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    Contents lists available at ScienceDirect
    European Journal of Oncology Nursing
    journal homepage:
    Associations of individualized nursing care and quality oncology nursing care in patients diagnosed with cancer 
    Maria Kousouloua, Riitta Suhonenb, Andreas Charalambousa,c,∗
    aCyprus University of Technology, Limassol, Cyprus b University of Turku, Department of Nursing Science and Director of Nursing, Turku University Hospital and City of Turku, Welfare Division, Turku, Finland cDocent University of Turku, Department of Nursing Science, Turku, Finland
    Individualized nursing care
    Quality of oncology nursing care
    Patients diagnosed with cancer
    Individualized care scale (ICS)
    Quality oncology nursing care scale (QONCS) 
    Purpose: To assess patients’ diagnosed with cancer perceptions on individualized nursing care and quality of oncology nursing care in Cyprus. Methods: This was a descriptive correlational research with 150 patients diagnosed with cancer and receiving treatment as in-patients at three different urban hospitals of Cyprus, based on predetermined inclusion and exclusion criteria. Data were collected with the Individualized Care Scale-ICS and the Quality Oncology Nursing Care Scale-QONCS. Statistical significance was set at the 0.05 level.
    Results: Data showed that a medium level of support of patients’ individuality was provided by nurses (ICS-A mean = 3.41, SD = 0.98) and a high level of realization of perceived individuality in the provided care. Quality of oncology nursing care was found high on three dimensions of care, i.e. being supported and confirmed, being respected and having a sense of belonging. A statistically significant positive correla-tion was observed between the two scales of ICS, i.e. ICS-A and ΙCS-B (r = 0.80), and four of the dimensions of QONCS, i.e. “Being supported and confirmed”, “Being cared for religiously and spiritually”, “Sense of Belonging” and “Being respected” and all the subscales, i.e. Clinical Situation (r = 0.45, 0.27, 0.41, 0.42), Personal life sit-uation (r = 0.30, 0.51, 0.44, 0.35) and Decision control (r = 0.35, 0.46, 0.35, 0.40).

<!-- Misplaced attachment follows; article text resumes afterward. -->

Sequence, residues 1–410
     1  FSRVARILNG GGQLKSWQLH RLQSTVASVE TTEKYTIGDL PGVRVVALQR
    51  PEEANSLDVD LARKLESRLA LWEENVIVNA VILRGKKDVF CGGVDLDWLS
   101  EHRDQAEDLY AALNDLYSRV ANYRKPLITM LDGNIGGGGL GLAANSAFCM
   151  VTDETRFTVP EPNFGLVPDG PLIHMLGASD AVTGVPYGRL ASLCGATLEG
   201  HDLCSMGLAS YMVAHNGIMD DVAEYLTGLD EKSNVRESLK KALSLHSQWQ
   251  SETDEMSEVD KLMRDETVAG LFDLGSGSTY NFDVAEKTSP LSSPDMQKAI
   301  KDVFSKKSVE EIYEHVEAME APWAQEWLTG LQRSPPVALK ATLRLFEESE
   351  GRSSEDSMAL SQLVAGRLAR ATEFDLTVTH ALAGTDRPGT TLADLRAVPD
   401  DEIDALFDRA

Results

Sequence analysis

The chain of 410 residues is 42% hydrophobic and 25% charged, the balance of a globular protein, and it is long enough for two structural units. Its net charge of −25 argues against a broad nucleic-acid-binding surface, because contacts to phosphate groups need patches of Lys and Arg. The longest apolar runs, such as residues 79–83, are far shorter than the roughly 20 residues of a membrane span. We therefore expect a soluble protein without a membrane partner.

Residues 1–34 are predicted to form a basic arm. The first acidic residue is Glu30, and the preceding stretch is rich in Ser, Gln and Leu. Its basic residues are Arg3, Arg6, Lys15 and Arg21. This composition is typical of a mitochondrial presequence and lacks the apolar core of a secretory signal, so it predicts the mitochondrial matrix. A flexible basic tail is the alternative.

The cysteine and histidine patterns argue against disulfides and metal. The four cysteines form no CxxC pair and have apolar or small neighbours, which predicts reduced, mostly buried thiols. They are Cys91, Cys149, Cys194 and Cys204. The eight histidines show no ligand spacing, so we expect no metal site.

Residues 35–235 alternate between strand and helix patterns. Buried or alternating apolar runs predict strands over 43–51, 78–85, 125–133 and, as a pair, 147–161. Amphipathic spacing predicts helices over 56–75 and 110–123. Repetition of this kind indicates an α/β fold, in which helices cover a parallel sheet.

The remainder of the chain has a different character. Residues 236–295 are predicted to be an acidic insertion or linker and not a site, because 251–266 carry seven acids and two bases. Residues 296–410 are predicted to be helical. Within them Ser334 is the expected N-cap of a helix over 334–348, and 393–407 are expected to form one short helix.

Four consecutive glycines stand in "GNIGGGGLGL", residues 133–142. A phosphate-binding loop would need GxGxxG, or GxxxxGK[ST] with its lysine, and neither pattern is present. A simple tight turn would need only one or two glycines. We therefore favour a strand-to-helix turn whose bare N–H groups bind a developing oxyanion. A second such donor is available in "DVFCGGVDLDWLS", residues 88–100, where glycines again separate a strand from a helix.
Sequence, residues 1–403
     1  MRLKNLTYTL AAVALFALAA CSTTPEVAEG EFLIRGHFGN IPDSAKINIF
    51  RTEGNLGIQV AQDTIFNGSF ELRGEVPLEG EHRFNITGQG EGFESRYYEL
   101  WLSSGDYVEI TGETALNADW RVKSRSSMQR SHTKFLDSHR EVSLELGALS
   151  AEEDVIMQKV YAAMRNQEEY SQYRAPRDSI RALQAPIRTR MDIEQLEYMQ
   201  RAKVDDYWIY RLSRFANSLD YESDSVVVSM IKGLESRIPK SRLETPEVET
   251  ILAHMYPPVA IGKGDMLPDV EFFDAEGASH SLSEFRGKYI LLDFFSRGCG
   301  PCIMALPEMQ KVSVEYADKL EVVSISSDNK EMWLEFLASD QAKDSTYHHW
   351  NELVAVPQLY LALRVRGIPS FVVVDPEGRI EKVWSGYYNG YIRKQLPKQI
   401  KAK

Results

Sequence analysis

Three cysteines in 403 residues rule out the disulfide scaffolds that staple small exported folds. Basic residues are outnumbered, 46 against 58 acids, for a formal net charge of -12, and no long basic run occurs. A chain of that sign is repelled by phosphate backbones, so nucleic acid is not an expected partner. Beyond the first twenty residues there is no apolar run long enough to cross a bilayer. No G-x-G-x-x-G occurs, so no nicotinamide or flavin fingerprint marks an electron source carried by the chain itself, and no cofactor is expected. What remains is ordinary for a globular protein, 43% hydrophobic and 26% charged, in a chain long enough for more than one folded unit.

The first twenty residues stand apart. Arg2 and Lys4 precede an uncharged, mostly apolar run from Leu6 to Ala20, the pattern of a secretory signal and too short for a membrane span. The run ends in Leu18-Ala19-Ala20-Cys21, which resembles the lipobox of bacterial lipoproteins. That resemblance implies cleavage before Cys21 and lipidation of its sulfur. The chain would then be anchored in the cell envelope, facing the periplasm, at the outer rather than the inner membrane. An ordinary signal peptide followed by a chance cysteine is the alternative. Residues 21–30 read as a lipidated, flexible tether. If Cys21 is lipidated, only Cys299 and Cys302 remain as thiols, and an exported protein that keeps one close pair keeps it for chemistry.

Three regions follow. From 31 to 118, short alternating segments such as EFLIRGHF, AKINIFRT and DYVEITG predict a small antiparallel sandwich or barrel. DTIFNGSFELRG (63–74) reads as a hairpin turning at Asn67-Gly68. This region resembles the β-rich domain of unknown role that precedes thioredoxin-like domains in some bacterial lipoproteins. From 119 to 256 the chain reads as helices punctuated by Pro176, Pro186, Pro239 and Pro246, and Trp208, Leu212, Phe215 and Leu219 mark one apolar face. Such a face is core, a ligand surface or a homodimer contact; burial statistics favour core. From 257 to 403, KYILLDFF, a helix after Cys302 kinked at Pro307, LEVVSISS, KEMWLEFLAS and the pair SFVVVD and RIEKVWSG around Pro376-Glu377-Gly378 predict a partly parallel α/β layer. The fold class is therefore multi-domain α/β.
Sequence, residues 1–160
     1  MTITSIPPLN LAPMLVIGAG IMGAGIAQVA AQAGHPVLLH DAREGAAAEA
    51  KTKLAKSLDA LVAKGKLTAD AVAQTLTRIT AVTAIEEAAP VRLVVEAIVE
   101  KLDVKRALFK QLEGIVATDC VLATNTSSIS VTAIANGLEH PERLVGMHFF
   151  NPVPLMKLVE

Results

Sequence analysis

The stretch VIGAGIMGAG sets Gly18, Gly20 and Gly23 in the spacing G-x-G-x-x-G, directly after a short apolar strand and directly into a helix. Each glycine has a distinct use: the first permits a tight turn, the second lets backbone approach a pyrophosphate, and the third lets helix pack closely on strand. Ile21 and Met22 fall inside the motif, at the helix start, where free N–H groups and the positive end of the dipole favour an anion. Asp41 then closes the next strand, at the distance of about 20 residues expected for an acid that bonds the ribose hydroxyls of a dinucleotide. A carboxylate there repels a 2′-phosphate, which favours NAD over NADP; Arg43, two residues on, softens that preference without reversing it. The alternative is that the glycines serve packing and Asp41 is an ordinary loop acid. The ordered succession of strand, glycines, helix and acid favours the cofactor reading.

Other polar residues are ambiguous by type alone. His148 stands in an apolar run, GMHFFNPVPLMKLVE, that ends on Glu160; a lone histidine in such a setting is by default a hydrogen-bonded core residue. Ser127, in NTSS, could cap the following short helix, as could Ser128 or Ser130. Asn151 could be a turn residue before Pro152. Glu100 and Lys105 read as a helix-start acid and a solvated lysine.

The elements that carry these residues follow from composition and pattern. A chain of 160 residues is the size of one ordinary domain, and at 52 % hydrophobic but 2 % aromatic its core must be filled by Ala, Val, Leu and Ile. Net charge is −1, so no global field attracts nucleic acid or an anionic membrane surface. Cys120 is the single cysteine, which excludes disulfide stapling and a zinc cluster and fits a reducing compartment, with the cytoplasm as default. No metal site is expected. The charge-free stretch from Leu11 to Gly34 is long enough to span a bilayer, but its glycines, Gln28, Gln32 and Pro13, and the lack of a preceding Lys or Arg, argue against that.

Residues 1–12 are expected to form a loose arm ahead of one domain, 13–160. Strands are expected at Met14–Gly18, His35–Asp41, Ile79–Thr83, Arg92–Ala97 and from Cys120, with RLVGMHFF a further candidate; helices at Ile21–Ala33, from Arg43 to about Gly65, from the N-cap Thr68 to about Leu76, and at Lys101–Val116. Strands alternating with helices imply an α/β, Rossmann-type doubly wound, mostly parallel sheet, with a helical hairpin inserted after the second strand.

Conclusion: The correlations found between individualized care and quality of oncology nursing care, highlight the need to provide a more personalized nursing care as a means to achieve a high level of quality nursing care.
    1. Introduction
    Being treated for cancer is not only accompanied by negative side-effects but also it has serious implications on patients diagnosed with cancer and their families. Because of the range of symptoms and side-effects and the nature of the disease, patients with cancer have different and more complex needs compared to other patients (Helliwell et al., 2016; Shin, 2014). Thus, patients with cancer need to manage their feelings towards their disease and treatment, to improve their coping ability, to reduce their anxiety and mood disturbances and be prepared for a rather lengthy period of treatment and medical interventions (Shin, 2014). In order to improve the well-being of these patients and holistically meet their needs, it is important to provide individualized and quality nursing care in a behavioural, cognitive and comprehensive way, as a right of all the patients (Browall et al., 2013).